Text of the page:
Greens take up cudgels against Tadadi project

Greens take up cudgels against Tadadi project

The Centre for Ecological Sciences (CES) of the Indian Institute of Science (IISc) on Sunday wrote a letter to Ujjwal Kumar Ghosh, the Uttara Kannada Deputy Commissioner, opposing the construction of a port at Tadadi, Aghanashini estuary.

The letter comes a day ahead of the  public hearing to be held by the government, with regard to the project, at Aghanashini.  

The letter says that the State government should also undertake a carrying capacity study of the region, before giving approval for the project to be executed by the Centre.

“Aghanashini provides 92.93 per cent of the income from estuary fisheries. The annual revenue is Rs 412 crore and 94.64 per cent of this comes from aquaculture activities in the estuarine belt. This is a highly eco-sensitive region,” Prof T V Ramachandra of the CES told Deccan Herald.

A copy of the letter written, which is with Deccan Herald, refers to the carrying capacity assessment report of Uttara Kannada district prepared by IISc and Karnataka Biodiversity Board and submitted to the State government in 2009.

According to Ramachandra, the annual income from Aghanashini estuary fisheries is Rs 12.07 crore. The Aghanashini estuarine villages have bivalve collection with a total income of Rs 5.7 crore. Total revenue from shell fish collection is Rs 7.35 crore, comprising of bivalves, clams, oysters, mussels and other molluscans. About 186 hectares of the estuary is used for bivalve harvesting. The annual income per hectare from bivalve harvesting is Rs 3.06 lakh. Shell mining is done on 100 hectares per year, of the total area of 809.73 hectares. The shell mined is worth Rs 7.65 lakh per hectare per year.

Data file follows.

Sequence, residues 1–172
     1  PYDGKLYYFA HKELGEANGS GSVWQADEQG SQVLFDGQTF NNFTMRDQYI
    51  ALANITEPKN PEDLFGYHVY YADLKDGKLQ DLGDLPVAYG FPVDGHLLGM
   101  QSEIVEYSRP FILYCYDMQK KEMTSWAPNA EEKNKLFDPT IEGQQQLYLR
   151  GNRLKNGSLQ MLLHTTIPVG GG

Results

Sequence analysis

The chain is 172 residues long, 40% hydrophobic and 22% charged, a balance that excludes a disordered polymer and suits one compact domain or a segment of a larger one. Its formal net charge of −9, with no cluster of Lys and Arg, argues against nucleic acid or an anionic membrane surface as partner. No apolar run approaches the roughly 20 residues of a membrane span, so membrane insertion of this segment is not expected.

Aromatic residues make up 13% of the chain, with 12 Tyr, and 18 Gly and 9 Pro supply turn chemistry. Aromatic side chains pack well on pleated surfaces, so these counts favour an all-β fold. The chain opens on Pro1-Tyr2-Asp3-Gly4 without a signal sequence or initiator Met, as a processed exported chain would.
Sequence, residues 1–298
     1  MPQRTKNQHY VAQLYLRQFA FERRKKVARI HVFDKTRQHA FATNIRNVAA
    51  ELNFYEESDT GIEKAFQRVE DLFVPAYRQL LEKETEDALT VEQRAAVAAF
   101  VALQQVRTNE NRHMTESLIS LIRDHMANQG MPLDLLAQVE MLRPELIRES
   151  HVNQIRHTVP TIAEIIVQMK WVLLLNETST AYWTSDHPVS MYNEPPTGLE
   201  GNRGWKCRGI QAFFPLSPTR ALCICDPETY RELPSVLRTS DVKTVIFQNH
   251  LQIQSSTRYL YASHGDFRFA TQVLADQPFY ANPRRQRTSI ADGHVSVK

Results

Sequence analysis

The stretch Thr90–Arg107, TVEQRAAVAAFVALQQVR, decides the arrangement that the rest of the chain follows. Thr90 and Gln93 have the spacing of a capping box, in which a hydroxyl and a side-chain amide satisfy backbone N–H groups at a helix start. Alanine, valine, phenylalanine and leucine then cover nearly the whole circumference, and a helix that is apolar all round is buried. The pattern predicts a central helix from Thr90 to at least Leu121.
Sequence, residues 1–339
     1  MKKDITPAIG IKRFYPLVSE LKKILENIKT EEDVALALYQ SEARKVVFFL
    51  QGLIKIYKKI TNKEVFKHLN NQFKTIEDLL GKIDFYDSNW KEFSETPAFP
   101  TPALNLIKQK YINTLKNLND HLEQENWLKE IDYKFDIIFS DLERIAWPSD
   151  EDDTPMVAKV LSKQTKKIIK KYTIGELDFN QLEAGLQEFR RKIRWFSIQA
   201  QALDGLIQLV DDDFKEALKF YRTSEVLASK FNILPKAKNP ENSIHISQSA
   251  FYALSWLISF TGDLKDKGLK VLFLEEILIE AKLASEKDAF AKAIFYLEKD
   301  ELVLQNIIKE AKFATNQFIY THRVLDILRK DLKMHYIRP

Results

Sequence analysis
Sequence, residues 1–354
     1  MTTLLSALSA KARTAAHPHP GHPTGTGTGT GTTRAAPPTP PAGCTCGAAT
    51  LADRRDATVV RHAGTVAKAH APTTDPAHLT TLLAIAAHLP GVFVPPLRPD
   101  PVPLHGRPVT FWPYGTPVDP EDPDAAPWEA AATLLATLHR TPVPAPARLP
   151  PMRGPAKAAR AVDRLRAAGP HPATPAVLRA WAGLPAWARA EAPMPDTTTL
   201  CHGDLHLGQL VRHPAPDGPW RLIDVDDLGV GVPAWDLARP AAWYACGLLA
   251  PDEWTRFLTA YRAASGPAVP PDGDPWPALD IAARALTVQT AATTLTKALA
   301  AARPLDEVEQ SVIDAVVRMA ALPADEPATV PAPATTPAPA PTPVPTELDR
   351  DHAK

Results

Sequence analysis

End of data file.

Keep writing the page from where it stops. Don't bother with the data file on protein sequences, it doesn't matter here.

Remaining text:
The proposed port site, which is with the Karnataka Industrial Areas Development Board falls under Coastal Regulation Zone-1. Mangroves in this region act as a shield against cyclones, tsunami. The Ministry of Environment and Forests has emphasised on mangrove protection. Another threat to the estuary is from the proposed ultra mega power plant project. Environmentalists have joined hands with residents in Aghanashini who oppose the project. They have also opposed the ‘Feasibility Study for Development of Port at Tadadi’ report prepared in 2009 by the Infrastructure Development Corporation (Karnataka) Limited, based on which the government is going ahead with the project, stating that it is industry friendly.

Suresh Heblikar, Eco-Watch, too had written to the deputy commissioner, opposing the port project. The Aghanashini river festival was organised by Eco-Watch in February 2014 and during its inauguration, Tourism Minister R V Deshpande had assured locals that there will be no commercialisation and the area will be well protected.

“Cementing and commercialising will spoil the 99-million-year-old biodiversity. There is the Karwar port, around 50 km from Tadadi, from where mines, minerals and granite are exported. The Matkal port can be used too. Apart from the estuary, Kaggai rice and paddy are grown here. These are unique to the region which will be lost if the project is implemented,” Heblikar said.

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